OCR Interpretation

Highland recorder. (Monterey, Highland County, Va.) 1877-1972, May 06, 1910, Image 1

Image and text provided by Library of Virginia; Richmond, VA

Persistent link: http://chroniclingamerica.loc.gov/lccn/sn95079246/1910-05-06/ed-1/seq-1/

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NO. 18
The ir.ct.nct of modesty natural to every woman is often a
?reat hindrance lo ti.e cute of womanly diseases. Women
frhrink from the personal questions bi the local physician
which seem indelicate. The thought of examination is cb
horrent to them, u:?d so they endure in silence a condition
cf disease which surely progresses from had to worse.
It has been Dr. Pierce's privilege to cure a
treat many women who have found a refuge
for modesty in his offer of FREE consulta?
tion by letter, fill correspondence ls held
83 sacredly confidential. Address Dr. JR. V.
Pierce, Buffalo, IV. Y.
Dr. Pierce's Favorite Prescription restores and regulates
thc womanly functions, abolishes pain and builds up and
puts the finishing touch of health on every weak woman
who gives it a fair trial.
It Makes Weak Women Strong*
Sick Women Well.
You can't afford to accept a secret nostrum as a substitute
for this non-alcoholic medicine OF known composition.
and Batteries,
and everything in the Telephone line?
ll' you have an old telephone have it repaired, or trade* it
in on a nev/ one. Don't buy a cheap telephone
but by the best. If you have
'phone trouble, call and see nie. Information given frc**.
W. Main Street. Monterey, Va.
'i O', can save in one v
aid ?el better material,
bet ter workmanship
and amore artistic de-'
sign, hy buying a mon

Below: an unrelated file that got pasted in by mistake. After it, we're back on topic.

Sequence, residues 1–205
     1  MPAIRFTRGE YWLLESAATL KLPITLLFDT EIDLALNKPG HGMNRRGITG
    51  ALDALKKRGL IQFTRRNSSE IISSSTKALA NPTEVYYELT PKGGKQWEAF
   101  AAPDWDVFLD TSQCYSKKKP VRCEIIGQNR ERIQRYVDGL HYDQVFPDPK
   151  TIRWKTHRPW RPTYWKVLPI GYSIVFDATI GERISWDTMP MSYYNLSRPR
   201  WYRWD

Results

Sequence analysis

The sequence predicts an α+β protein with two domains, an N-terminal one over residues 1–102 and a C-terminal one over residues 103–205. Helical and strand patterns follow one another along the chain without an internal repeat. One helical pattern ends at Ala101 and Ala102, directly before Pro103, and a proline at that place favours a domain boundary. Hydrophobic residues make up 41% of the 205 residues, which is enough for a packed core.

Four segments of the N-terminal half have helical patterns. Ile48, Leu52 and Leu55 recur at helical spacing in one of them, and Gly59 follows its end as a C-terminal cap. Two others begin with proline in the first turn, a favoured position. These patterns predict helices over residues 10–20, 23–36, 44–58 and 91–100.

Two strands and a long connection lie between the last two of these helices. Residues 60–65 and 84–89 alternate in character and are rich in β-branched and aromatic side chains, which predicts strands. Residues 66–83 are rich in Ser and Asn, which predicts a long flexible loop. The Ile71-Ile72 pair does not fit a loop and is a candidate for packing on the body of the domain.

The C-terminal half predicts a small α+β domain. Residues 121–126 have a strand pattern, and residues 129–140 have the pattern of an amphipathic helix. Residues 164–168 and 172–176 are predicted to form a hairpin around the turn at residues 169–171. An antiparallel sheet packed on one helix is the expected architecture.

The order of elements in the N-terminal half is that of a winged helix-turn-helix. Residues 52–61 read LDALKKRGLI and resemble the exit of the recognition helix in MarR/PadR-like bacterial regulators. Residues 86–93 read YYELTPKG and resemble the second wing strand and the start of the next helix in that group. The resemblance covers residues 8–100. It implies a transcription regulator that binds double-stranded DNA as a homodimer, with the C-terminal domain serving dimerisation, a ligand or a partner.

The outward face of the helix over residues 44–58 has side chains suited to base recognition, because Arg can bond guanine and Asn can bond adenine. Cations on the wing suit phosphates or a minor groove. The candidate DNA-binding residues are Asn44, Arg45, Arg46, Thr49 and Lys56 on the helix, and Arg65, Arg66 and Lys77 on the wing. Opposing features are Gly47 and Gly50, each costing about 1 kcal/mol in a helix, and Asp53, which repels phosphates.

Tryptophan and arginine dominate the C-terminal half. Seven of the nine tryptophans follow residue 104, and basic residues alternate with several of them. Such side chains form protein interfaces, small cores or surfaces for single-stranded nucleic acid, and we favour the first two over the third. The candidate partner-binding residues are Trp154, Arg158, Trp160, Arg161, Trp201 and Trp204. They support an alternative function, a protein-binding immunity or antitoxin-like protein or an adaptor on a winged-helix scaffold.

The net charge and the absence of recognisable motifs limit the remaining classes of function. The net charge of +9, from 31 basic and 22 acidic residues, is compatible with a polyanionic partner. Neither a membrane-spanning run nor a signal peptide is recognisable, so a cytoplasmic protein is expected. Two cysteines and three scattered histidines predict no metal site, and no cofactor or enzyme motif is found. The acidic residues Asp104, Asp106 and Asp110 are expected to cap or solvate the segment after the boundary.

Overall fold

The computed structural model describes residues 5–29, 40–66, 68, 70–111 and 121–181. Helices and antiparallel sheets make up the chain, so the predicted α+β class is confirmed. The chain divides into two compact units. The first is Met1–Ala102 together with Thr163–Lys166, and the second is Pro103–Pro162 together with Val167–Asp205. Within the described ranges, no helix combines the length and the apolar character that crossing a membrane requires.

unieiu o r lieadsto: e
irom me
If you need an iron
-?.&$al3e fe iu e, 1 furnish the best
for the money.
IV, E. SNYI>K.i, Illghluini Va., Agent
For Tlie J.iiii.ni Marnie Iforl.*
1. Farnv4ndn.il., at station, 160 acres good lind, brick- dwelling and
all outbuildings: mill 36x40, 4 stories with elevators and necessary
machinery for grinding corn and whe.it. Fine custom. i.Vu-e
.SO.OOO. Important to sell at once.
2, Level farm in a beautiful section, 575 acres, about <1(K) dearer], bat-,
ance timber. Very go.'d hind, easily cultivated and producive in
grass and cereals. Comfortable frame house, outbuildings, :? miles
from station. See t {* j - farm and you will bry it. Will offer $22.50
per a ere.
H. Do you wish a large body of good land in a splendid region, whose
property is increasing in value? Examine with us 775 acres; mod?
ern machiney eau lie used on most of it; much of farm in good eon
condilion; 10 room dwel ing; nice home: .'. miles from station.
$20,000 will pro) al ly 1 e accepted.
Immec'ate correspondence ahoul these and other properties is solicited.
Ai.vise ns wheie you wish to locate, thu amount you rlesire to in?
vest, and information will be prompt.? sent. Our register is free.
H. W. H1LLEARY & CO., - - - Chaklottbsvili-E, Va.
Failed in Health
'My mother died six y&^rs ago," writer, 'Miss Ruth
Ward, ot* Jerseyville, ll!., *%nd left me to c? re for six
children. I had never been strong; and this, wtfu the shock